A review on the epidemiology and distribution of medical important scorpions in North America


It is well known that North America and especially Mexico is a hotspot for medical important scorpions. Canada has no dangerous species, while USA has only one (

Centruroides sculpturatus

Ewing, 1928). Mexico, on the other side, has several species that have great consequences for the public health.



Gonzalez-Santillan & Possani have recently published a review summing up the current knowledge on the distribution and epidemiology of the medical important scorpions of North America. 21 species and one subspecies, all in the genus

Centruroides

, are identified as medical important, and their distribution is given. The different aspects of scorpionism in North America is also discussed.



Abstract:
Scorpionism is a severe threat to public health in North America. Historically, few species of Centruroides have been considered to be the offending taxa, but we know now that their diversity is greater and our knowledge incomplete. Current distribution maps are inadequate for some species. Epidemiologic studies are sporadic and local, and a complete synthesis for North America is missing. We analyze historical and recent knowledge about the identity, distribution and epidemiology of species of medical importance in North America. PubMed, Google Scholar, the National Collection of Arachnids, and results of recent field work were consulted in the preparation of our analysis. We recognized 21 species and one subspecies of medically important scorpions in need of precise geographical delimitation. All these species are found in Mexico, which is clearly a hotspot for scorpionism. Although mortality has been steadily decreasing, deaths still occur, and morbidity remains high. Mortality is most common at age classes of 0–10 years and>50. Morbidity is highest in age class 15–50 years, including the most economically active segment of the population. The season of the highest incidence of scorpion sting peaks between spring and summer but there appears to be a second, lower peak at the end of the summer. Although the systematics of the genus Centruroides has advanced considerably, our knowledge of its diversity remains fragmentary. There is a disconnection between the actual distribution of the scorpions and the incidence maps constructed from scorpion sting records. Despite a historically robust knowledge of the distribution of wellknown species, most recently described species are known from only a few localities. Some of the epidemiological parameters are consistent among studies reported herein.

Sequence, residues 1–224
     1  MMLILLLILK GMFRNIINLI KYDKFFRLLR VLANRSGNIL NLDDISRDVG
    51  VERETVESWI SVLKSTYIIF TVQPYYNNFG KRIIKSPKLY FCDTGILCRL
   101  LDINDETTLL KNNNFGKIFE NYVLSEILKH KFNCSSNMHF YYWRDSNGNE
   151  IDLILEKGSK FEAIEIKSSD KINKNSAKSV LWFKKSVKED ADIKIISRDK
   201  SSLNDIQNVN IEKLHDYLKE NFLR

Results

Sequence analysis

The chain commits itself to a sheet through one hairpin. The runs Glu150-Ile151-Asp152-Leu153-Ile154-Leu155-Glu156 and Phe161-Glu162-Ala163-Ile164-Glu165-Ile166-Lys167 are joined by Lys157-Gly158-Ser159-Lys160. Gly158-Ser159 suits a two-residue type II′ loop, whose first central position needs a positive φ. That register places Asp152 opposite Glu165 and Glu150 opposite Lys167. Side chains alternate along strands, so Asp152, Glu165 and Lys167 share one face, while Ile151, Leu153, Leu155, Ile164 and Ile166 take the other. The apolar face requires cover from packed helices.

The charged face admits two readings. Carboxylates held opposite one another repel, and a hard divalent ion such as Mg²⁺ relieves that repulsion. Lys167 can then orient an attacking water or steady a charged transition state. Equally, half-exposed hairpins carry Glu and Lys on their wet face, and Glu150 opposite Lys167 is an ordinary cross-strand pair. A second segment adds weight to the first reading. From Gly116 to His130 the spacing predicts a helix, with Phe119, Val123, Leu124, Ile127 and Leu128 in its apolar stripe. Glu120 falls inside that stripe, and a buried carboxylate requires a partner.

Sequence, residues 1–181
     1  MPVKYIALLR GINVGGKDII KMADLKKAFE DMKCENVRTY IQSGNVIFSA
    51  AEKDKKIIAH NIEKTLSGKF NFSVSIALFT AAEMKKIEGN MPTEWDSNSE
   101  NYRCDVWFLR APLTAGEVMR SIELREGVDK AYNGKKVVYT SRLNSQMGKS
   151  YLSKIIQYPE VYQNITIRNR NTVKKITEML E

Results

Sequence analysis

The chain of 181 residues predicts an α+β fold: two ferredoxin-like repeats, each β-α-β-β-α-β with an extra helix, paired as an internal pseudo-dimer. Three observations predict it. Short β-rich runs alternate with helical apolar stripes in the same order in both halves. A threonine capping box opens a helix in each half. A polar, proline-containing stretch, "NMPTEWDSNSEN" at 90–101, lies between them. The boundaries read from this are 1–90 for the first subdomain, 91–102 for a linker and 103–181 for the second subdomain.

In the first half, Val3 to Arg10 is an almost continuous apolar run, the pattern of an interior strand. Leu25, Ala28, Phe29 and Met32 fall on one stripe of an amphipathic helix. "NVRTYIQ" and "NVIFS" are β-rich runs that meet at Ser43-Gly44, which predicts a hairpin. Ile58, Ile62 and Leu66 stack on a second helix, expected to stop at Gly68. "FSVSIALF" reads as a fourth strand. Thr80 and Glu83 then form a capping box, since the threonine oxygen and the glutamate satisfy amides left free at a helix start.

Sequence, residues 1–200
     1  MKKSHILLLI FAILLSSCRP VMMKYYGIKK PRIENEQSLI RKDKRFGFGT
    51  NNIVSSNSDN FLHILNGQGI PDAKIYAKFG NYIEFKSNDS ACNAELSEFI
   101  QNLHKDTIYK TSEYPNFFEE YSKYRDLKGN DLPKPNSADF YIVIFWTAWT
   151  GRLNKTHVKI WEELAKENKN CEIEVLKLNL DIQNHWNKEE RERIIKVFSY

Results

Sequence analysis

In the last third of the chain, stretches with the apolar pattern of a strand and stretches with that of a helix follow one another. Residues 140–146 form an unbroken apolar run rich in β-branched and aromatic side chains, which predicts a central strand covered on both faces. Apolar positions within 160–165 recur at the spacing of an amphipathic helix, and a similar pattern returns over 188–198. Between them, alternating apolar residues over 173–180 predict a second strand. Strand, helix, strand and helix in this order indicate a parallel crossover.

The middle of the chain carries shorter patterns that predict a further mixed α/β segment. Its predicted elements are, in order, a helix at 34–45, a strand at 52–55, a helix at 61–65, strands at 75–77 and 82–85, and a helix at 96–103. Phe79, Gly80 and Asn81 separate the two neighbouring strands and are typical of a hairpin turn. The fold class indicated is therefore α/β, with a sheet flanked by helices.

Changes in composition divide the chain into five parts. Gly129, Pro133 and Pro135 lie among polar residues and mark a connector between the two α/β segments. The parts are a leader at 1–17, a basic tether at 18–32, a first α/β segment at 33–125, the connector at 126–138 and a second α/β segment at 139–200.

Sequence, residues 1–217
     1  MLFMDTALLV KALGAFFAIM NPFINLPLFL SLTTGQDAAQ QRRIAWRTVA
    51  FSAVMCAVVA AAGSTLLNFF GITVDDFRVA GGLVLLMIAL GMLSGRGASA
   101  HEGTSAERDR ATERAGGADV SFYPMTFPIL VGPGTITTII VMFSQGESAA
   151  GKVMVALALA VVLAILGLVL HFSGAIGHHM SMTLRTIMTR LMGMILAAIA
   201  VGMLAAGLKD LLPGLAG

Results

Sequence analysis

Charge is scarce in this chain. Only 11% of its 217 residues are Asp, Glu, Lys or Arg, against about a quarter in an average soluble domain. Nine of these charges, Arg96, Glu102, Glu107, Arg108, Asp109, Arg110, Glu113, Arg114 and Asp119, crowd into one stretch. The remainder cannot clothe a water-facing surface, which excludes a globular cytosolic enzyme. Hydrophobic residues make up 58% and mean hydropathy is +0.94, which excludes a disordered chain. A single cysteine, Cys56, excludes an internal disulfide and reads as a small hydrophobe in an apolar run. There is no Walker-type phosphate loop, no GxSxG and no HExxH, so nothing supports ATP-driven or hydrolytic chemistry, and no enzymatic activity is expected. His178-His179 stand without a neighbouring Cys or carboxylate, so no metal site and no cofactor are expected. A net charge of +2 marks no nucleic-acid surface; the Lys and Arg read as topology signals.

Reference:

Gonzalez-Santillan E, Possani LD. North American scorpion species of public health importance with a reappraisal of historical epidemiology.

Acta Trop. 2018;187:264-74

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